Stu was reading the catalog copy, apparently written by faculty members in this field, and it lists the courses required for this major. Score one for Stu, as Calculus Lite is required of Stu's new major, so he didn't waste his time taking a higher math than the bare minimum necessary to graduate. The catalog also says that this major requires College Algebra and Math for Business. You can not take Math for Business unless you have a high enough placement score (same score as required for Calculus Lite) or have passed College Algebra. If you have passed Math for Business (or Calculus Lite or any number of other courses) with a C or better, you can not take College Algebra. The catalog entry for Stu's major does not explain that whether or not one takes College Algebra is based on one's placement scores and/or math background. It just says that the class is required.

So Stu signed up for College Algebra. Our system will let Stu sign up, even though he has passed Calculus Lite. It just won't let him get credit upon completion of the course. This really would be a waste of his time. Stu and I emailed back and forth, and he pointed me to his new major's confusing list of requirements. He's really worried that he can't take College Algebra for credit because it is Required Of His Major ZOMG!!! I told Stu to talk to an advisor in his major when the university reopens after New Years and to sort things out with an advisor.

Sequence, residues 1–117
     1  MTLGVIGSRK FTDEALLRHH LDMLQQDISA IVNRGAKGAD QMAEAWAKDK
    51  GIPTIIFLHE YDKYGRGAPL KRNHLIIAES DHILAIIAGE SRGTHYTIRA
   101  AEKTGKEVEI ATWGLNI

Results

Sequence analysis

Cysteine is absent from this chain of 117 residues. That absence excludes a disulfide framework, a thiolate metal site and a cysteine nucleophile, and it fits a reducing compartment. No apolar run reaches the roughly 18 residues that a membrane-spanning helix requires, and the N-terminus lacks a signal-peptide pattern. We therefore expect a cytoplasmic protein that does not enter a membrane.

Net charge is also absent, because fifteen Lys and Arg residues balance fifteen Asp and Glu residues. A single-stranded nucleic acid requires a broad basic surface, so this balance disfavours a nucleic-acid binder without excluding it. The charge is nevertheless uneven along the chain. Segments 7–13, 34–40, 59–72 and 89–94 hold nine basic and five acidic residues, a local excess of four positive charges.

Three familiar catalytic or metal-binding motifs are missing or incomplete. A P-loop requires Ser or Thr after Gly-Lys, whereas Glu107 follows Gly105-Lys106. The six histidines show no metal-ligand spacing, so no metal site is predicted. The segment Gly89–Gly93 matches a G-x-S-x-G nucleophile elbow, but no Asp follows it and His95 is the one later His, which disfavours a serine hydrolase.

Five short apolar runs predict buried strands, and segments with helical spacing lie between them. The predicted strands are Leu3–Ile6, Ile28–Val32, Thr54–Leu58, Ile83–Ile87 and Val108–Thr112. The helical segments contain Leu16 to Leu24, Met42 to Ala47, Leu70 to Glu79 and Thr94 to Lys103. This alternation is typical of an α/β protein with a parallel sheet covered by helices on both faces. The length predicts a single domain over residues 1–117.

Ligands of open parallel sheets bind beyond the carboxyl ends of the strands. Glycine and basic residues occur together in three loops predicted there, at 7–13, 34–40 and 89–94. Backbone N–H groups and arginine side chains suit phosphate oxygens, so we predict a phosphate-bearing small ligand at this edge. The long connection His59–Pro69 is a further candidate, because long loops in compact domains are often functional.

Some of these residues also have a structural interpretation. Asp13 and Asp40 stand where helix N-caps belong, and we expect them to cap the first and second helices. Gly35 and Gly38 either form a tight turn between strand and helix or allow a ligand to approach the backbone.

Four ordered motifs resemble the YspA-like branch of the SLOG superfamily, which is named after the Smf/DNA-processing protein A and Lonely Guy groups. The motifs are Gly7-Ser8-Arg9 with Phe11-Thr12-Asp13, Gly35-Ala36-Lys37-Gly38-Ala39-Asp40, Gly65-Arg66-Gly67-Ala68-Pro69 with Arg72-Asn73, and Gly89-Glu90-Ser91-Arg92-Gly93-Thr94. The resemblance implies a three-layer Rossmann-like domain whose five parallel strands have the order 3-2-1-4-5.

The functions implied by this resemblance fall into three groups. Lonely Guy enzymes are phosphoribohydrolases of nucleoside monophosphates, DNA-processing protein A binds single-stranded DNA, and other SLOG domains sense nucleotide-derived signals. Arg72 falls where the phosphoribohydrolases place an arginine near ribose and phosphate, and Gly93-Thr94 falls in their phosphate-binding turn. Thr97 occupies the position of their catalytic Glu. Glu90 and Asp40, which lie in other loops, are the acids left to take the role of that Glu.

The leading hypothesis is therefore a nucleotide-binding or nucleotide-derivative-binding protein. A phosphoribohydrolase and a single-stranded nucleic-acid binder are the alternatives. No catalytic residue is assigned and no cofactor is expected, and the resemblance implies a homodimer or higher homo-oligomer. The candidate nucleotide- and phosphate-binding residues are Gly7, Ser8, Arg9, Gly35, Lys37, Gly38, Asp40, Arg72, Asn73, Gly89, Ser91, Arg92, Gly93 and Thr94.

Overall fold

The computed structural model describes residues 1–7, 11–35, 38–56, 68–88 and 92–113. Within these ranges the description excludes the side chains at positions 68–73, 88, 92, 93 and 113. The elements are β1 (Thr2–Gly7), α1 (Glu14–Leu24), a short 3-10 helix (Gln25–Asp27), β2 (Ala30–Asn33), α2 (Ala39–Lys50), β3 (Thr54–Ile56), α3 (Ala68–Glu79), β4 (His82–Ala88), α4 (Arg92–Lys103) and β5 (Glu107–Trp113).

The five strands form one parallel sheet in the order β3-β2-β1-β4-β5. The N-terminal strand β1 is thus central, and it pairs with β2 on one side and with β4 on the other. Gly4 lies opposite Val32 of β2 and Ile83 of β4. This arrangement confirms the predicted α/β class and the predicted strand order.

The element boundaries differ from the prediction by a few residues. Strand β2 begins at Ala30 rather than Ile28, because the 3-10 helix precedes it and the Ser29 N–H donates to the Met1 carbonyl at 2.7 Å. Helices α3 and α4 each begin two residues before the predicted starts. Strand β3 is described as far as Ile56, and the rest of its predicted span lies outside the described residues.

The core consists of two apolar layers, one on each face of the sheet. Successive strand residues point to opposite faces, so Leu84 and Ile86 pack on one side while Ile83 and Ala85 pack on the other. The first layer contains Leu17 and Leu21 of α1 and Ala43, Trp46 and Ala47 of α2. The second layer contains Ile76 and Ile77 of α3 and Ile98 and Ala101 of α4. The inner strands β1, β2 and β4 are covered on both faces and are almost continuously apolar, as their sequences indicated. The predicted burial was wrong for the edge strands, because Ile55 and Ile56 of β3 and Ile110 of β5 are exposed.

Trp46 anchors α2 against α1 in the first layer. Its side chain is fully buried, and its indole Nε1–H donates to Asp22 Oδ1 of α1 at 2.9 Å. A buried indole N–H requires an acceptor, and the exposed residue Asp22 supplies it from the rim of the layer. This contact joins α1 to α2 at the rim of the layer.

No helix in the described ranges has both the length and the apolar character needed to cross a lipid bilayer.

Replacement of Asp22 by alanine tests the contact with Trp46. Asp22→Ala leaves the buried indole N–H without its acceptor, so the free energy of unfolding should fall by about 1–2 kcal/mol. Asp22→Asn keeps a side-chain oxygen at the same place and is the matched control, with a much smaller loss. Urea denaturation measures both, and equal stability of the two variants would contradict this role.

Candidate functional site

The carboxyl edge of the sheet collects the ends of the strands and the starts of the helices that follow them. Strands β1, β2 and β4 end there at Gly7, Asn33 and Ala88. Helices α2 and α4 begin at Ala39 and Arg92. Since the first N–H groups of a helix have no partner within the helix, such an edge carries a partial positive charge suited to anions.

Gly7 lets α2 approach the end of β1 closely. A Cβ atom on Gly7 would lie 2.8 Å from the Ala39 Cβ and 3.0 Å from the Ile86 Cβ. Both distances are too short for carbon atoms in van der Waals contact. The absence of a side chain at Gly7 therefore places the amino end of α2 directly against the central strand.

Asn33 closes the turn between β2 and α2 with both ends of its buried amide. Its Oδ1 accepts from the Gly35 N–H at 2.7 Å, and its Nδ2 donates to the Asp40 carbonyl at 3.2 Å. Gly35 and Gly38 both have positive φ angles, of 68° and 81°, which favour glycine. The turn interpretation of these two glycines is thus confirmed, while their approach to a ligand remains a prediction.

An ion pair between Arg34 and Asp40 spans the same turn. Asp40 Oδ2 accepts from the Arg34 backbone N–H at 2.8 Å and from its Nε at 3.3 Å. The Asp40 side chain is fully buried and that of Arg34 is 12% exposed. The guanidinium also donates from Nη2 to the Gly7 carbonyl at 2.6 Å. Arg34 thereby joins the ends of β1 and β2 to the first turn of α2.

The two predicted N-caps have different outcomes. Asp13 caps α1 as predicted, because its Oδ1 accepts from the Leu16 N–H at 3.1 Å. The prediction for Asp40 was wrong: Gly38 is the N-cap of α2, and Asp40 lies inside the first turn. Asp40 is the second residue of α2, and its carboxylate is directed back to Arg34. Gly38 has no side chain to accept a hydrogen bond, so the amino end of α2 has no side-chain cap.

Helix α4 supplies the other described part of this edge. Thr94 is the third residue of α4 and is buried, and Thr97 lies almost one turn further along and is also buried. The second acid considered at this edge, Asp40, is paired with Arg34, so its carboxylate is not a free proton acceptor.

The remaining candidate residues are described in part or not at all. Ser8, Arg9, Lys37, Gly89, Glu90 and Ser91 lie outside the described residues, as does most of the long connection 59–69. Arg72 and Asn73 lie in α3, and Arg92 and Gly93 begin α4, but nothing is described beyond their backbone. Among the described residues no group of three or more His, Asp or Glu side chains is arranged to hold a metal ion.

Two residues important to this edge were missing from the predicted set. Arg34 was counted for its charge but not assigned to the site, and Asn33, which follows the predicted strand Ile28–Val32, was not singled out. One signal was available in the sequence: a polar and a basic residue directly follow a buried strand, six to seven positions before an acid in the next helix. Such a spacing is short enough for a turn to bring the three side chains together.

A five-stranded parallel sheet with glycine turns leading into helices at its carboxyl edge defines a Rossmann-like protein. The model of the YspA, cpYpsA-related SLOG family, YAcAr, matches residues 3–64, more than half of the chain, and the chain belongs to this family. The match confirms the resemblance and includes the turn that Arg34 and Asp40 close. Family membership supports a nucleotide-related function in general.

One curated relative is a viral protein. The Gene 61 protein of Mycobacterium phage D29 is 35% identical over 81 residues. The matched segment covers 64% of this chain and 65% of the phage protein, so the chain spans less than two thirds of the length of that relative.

In about a year our registration pendulum will swing the other way. We are replacing our homebrew registration system written by the registrar's crack team of software engineers and database managers with Banner. And Banner has been promised to Solve All Problems and also to Enforce All Restrictions with a ruthlessness reminiscent of Brazil and the works of Franz Kafka. And I will go from being the person who tells everyone "no" to the one who overrides the system to say "yes."

*For example, our "precalculus" course is designed to prepare students to take Real Calculus. Students preparing to take Calculus Lite have no reason to take precalculus. But one might legitimately assume that if one's major requires calculus, that one should start out in precalculus.